About Me

  • I've spent more than 25 years at the intersection of traditional and digital journalism. I've helped to invent ways to read and interact with the news and advertising on computer screens and iPads, and before that, I wrote news stories on typewriters and six-ply paper. I co-founded WashingtonPost.com and hyperlocal pioneers Backfence.com and GrowthSpur; served as editor of Philly.com; taught media entrepreneurship at the University of Maryland; and have done product-development and strategy consulting for all sorts of media and Internet companies and startups. You can read more about me here.

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January 30, 2008


Mike Orren

Here's some nice irony:

While I wouldn't have hired a movie critic for Pegasus News, one of our staffers is a movie nut and former part-time movie critic. And so we let him style himself as "the film guy" so long as he did his other stuff too. Results:

1. We found out there was a lot in local film that no one else was covering.

BUT most importantly:

2. His reviews of nationally released films do so well in Google / Google news that they are our #2 source of traffic and new users. #1 is all other search (but film dwarfs all other categories). Yes, there's a fair amount of hit-and-run out of market traffic, but there's also enough that sticks to make it well worth it. Doubly so if/when we close a deal with a local theater chain to sponsor his coverage of area film fests.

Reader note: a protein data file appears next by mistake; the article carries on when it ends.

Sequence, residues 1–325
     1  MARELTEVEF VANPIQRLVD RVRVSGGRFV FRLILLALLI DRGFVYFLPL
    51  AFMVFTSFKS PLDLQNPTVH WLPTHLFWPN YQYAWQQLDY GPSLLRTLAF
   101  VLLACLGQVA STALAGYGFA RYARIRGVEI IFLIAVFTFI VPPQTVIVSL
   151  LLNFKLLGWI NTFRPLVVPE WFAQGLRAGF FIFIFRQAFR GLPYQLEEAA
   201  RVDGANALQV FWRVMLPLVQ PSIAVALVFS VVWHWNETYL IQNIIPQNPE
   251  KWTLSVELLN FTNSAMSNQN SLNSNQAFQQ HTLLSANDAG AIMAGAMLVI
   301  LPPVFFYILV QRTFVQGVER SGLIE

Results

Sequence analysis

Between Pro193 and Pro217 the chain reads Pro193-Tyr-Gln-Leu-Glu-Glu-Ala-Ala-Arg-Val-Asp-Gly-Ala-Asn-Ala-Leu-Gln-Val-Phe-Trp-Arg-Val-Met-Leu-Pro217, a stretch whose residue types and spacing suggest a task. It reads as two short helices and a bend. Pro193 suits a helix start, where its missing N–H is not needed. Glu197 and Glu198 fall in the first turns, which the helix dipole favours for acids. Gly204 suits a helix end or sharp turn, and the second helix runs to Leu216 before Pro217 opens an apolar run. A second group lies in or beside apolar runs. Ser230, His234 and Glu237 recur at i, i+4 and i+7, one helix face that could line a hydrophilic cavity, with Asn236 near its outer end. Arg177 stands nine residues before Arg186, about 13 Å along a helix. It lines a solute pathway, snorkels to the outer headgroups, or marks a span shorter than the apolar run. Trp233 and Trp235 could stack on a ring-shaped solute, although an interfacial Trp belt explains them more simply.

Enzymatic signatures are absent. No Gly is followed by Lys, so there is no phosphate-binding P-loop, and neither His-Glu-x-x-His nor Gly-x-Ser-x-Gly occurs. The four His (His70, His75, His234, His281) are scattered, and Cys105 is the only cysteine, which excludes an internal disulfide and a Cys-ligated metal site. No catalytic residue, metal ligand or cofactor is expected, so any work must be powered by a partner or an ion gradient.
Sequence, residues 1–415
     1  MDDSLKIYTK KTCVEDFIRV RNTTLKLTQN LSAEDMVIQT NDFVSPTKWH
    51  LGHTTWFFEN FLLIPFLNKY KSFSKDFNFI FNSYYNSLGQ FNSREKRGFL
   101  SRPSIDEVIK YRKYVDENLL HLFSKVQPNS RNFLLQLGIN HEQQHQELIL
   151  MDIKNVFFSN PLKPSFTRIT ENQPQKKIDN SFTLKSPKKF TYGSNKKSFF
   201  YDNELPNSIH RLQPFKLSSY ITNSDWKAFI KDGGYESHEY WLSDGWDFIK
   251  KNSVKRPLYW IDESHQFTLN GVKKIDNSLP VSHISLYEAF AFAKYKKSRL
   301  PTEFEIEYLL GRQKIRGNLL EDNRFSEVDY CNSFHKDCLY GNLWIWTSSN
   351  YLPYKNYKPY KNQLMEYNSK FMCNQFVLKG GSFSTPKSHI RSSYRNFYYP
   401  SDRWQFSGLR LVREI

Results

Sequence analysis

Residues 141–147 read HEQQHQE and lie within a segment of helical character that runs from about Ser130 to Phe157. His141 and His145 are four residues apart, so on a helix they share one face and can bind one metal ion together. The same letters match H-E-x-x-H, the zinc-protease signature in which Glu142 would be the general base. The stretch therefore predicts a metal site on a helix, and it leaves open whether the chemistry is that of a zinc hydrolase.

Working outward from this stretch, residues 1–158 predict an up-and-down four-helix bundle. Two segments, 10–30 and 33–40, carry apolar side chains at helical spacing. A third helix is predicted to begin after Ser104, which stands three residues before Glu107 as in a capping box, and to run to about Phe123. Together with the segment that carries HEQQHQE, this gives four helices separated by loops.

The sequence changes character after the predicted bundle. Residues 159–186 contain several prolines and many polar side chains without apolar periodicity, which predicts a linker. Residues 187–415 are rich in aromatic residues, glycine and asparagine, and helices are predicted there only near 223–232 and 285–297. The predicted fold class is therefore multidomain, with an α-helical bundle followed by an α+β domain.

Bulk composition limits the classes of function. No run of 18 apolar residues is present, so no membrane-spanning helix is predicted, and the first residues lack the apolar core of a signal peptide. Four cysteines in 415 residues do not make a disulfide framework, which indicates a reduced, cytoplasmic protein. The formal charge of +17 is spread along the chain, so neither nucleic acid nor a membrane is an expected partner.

The takeaway? Maybe it isn't about dropping movie critics, but rethinking what they do and what they cover.

David Feld

Hi Mark - You've said what I've been thinking for some time. I agree on every point except book reviewing. The publishing market is more diverse than movies or TV, with regional publishers and many books targeting a geographical demographic. These publishers/books/authors have little chance of meaningful national exposure. In that sense, I'd say the book reviewer is closer to the music reviewer, who can stay relevant by focusing more on local scenes.

But I'm right with you regarding movie reviews. I'd rather see the effort put toward fostering online communities where a wider range of voices can be heard.

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